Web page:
To write a case study, begin by providing background information about the issue or person studied, detail the problems associated with the case, such as symptoms of a patient or causes of an underlying issue, and provide methods to resolve the issue. A case study should provide examples and solutions.
When writing a case study, set up the context of the issue or the patient being analyzed by detailing a brief history of the problem within the introduction. For example, factors such as a person's mental health history or social and family relationships may be detailed when studying the case of a patient in a psychology or nursing scenario.
A description of the current issue or challenges associated with the case should follow the background information. For example, detail the symptoms of the patient or the variables of the ethical issues associated with the case.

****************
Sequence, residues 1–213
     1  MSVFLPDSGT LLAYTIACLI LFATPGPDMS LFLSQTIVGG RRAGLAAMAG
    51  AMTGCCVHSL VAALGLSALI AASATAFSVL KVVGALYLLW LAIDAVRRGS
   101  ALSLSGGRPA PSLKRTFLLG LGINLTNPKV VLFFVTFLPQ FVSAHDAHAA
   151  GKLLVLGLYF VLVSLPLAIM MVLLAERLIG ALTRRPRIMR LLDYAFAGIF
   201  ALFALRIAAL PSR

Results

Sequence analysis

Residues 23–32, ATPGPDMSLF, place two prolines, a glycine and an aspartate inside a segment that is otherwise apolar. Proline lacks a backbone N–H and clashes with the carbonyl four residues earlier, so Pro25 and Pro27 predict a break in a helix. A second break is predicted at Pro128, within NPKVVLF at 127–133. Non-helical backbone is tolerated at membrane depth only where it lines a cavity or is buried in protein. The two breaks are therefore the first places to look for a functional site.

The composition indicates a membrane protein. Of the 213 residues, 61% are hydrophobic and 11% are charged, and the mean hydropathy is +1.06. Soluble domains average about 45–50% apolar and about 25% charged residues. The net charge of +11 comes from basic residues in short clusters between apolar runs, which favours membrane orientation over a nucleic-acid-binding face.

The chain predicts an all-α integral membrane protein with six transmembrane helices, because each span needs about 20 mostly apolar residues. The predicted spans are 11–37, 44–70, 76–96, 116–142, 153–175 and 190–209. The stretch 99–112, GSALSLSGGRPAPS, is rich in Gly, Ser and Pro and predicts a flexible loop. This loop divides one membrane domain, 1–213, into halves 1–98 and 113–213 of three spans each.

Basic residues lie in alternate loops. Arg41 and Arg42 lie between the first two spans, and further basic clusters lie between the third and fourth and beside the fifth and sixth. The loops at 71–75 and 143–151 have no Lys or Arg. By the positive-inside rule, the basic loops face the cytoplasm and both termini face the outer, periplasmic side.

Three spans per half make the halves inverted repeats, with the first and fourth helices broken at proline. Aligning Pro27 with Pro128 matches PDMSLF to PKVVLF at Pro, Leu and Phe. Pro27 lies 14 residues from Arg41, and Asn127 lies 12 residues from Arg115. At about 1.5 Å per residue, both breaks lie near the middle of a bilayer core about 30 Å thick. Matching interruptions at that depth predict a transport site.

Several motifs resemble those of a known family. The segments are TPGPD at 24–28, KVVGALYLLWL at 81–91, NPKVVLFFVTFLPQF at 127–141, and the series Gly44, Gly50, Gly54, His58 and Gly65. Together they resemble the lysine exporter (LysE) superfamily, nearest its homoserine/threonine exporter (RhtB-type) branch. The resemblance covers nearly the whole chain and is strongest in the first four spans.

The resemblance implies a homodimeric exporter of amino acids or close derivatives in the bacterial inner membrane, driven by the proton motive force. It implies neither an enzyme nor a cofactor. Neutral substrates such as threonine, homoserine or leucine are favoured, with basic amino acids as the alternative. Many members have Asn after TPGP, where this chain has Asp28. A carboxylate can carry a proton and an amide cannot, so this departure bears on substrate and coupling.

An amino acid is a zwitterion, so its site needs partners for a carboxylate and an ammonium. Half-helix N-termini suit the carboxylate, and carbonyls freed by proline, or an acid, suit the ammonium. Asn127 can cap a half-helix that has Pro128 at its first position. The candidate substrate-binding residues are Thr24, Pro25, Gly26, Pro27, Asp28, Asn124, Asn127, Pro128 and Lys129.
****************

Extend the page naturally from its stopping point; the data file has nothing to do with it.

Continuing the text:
An analysis of how the issue can be resolved or intervention strategies should make up the bulk of the case study. For example, a psychology case study may detail theoretical approaches to the mental illness or an ethical case study may offer all possible alternatives for resolving the issue. Solutions are a primary focus in the second portion of the case study. The case study should conclude with the writer's recommendations or an overall evaluation of the situation presented within the case.